Interpreted Functions. To enable extensible use of interpreted functions in dL, the term grammar (1) is enriched with k-ary function symbols \(h\) that carry an interpretation annotation [5, 27], \({h}_{{\ll }\phi {\gg }}\), where \(\phi \equiv \phi (x_0,y_1,\dots ,y_k)\) is a dL  formula with free variables in \(x_0,y_1,\dots ,y_k\) and no uninterpreted symbols. Intuitively, \(\phi \) is a formula that characterizes the graph of the intended interpretation for \(h\), where \(y_1,\dots ,y_k\) are inputs to the function and \(x_0\) is the output. Since \(\phi \) depends only on the values of its free variables, its formula semantics \([\![{\phi }]\!]\) can be equivalently viewed as a subset of Euclidean space \([\![{\phi }]\!]\subseteq \mathbb {R} \times \mathbb {R} ^k\) [20, 21]. The dL  term semantics \(\nu [\![{e}]\!]\) [20, 21] in a state \(\nu \) is extended with a case for terms \({h}_{{\ll } \phi {\gg }}(e_1,\dots ,e_k)\) by evaluation of the smooth \(C^\infty \) function characterized by \([\![{\phi }]\!]\):

$$\begin{aligned} \nu [\![{h}_{{\ll } \phi {\gg }}(e_1,\dots ,e_k)]\!]= {\left\{ \begin{array}{ll} \hat{h}(\nu [\![{e_1}]\!],\dots ,\nu [\![{e_k}]\!]) &{} \text {if}~[\![{\phi }]\!]~\text {graph of smooth }\hat{h} {:} \mathbb {R} ^k {\rightarrow } \mathbb {R} \\ 0 &{} \text {otherwise} \end{array}\right. } \end{aligned}$$

This semantics says that, if the relation \([\![{\phi }]\!]\subseteq \mathbb {R} \times \mathbb {R} ^k\) is the graph of some smooth \(C^\infty \) function \(\hat{h} : \mathbb {R} ^k \rightarrow \mathbb {R} \), then the annotated syntactic symbol \({h}_{{\ll } \phi {\gg }}\) is interpreted semantically as \(\hat{h}\). Note that the graph relation uniquely defines \(\hat{h}\) (if it exists). Otherwise, \({h}_{{\ll } \phi {\gg }}\) is interpreted as the constant zero function which ensures that the term semantics remain well-defined for all terms. An alternative is to leave the semantics of some terms (possibly) undefined, but this would require more extensive changes to the semantics of dL  and extra case distinctions during proofs [2].

Axiomatics and Differentially-Defined Functions. To support reasoning for implicit definitions, annotated interpretations are reified to characterization axioms for expanding interpreted functions in the following lemma.

Lemma 1

(Function interpretation). The FI axiom (below) for dL  is sound where \(h\) is a k-ary function symbol and the formula semantics \([\![{\phi }]\!]\) is the graph of a smooth \(C^\infty \) function \(\hat{h} : \mathbb {R} ^k \rightarrow \mathbb {R} \).

Axiom FI enables reasoning for terms \({h}_{{\ll }\phi {\gg }}(e_1,\dots ,e_k)\) through their implicit interpretation \(\phi \), but Lemma 1 does not directly yield an implementation because it has a soundness-critical side condition that interpretation \(\phi \) characterizes the graph of a smooth \(C^\infty \) function. It is possible to syntactically characterize this side condition [2], e.g., the formula \(\forall {y_1,\dots ,y_k}{\exists {x_0}{\phi (x_0,y_1,\dots ,y_k)}}\) expresses that the graph represented by \(\phi \) has at least one output value \(x_0\) for each input value \(y_1,\dots ,y_k\), but this burdens users with the task of proving this side condition in dL  before working with their desired function. The KeYmaera X definition package opts for a middle ground between generality and ease-of-use by implementing FI for univariate, differentially-defined functions, i.e., the interpretation \(\phi \) has the following shape, where \(x=(x_0,x_1,\dots ,x_n)\) abbreviates a vector of variables, there is one input \(t = y_1\), and \(X = (X_0,X_1,\dots ,X_n)\), T are dL  terms that do not mention any free variables, e.g., are rational constants, which have constant value in any dL  state:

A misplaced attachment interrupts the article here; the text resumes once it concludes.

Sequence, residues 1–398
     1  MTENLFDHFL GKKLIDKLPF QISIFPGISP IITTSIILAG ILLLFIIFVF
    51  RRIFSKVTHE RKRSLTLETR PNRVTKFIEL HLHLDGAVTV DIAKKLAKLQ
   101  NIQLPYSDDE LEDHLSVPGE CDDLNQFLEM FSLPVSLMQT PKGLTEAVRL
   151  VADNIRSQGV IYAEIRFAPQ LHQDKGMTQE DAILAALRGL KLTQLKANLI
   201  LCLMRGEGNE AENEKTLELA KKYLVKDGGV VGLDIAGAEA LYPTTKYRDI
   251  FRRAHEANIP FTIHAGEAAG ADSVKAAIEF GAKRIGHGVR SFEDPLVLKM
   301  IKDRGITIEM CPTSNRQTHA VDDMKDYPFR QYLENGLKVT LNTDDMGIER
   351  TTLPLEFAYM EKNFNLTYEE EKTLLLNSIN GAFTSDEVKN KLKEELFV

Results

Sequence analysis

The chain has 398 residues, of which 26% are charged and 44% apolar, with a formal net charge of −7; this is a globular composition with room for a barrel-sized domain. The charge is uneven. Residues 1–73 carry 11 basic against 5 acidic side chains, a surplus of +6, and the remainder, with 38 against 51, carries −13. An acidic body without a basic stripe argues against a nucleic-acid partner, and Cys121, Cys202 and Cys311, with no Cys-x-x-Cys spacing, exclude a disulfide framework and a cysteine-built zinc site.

$$\begin{aligned} \phi (x_0,t) \equiv \left\langle x_1,\dots ,x_n\mathrel {{:}{=}}{*};\left\{ \begin{array}{l} {x^{\prime }=-f(x,t),t^{\prime }=-1}~\cup \\ {x^{\prime }=f(x,t),t^{\prime }=1} \end{array}\right\} \right\rangle {\left( \begin{aligned} x&=X~\wedge \\ t&=T \end{aligned} \right) } \end{aligned}$$

Formula (3) says from point \(x_0\), there exists a choice of the remaining coordinates \(x_1,\dots ,x_n\) such that it is possible to follow the defining ODE either forward \(x^{\prime }=f(x,t),t^{\prime }=1\) or backward \(x^{\prime }=-f(x,t),t^{\prime }=-1\) in time to reach the initial values \(x=X\) at time \(t=T\). In other words, the implicitly defined function \({h}_{{\ll }\phi (x_0,t){\gg }}\) is the \(x_0\)-coordinate projected solution of the ODE starting from initial values X at initial time T. For example, the trigonometric functions used in Fig. 1 are differentially-definable as respective projections:

$$\begin{aligned} \phi _{\sin }(s,t)&\equiv \left\langle c\mathrel {{:}{=}}{*};\left\{ \begin{array}{l} {s^{\prime }=-c,c^{\prime }=\;\;\;s,t^{\prime }=-1}~\cup \\ {s^{\prime }=\;\;\;c,c^{\prime }=-s,t^{\prime }=\;\,\,\,1} \end{array}\right\} \right\rangle {\left( \begin{aligned} s&=0\wedge c=1~\wedge \\ t&=0 \end{aligned} \right) } \end{aligned}$$
$$\begin{aligned} \phi _{\cos }(c,t)&\equiv \left\langle s\mathrel {{:}{=}}{*};\left\{ \begin{array}{l} {s^{\prime }=-c,c^{\prime }=\;\;\;s,t^{\prime }=-1}~\cup \\ {s^{\prime }=\;\;\;c,c^{\prime }=-s,t^{\prime }=\;\,\,\,1} \end{array}\right\} \right\rangle {\left( \begin{aligned} s&=0\wedge c=1~\wedge \\ t&=0 \end{aligned} \right) } \end{aligned}$$

By Picard-Lindelöf [21, Thm. 2.2], the ODE \( x^{\prime }=f(x,t) \) has a unique solution \(\Phi : (a,b) \rightarrow \mathbb {R} ^{n+1}\) on an open interval (ab) for some \(-\infty \le a < b \le \infty \). Moreover, \(\Phi (t)\) is \(C^\infty \) smooth in t because the ODE right-hand sides are dL  terms with smooth interpretations [20]. Therefore, the side condition for Lemma 1 reduces to showing that \(\Phi \) exists globally, i.e., it is defined on \(t \in (-\infty ,\infty )\).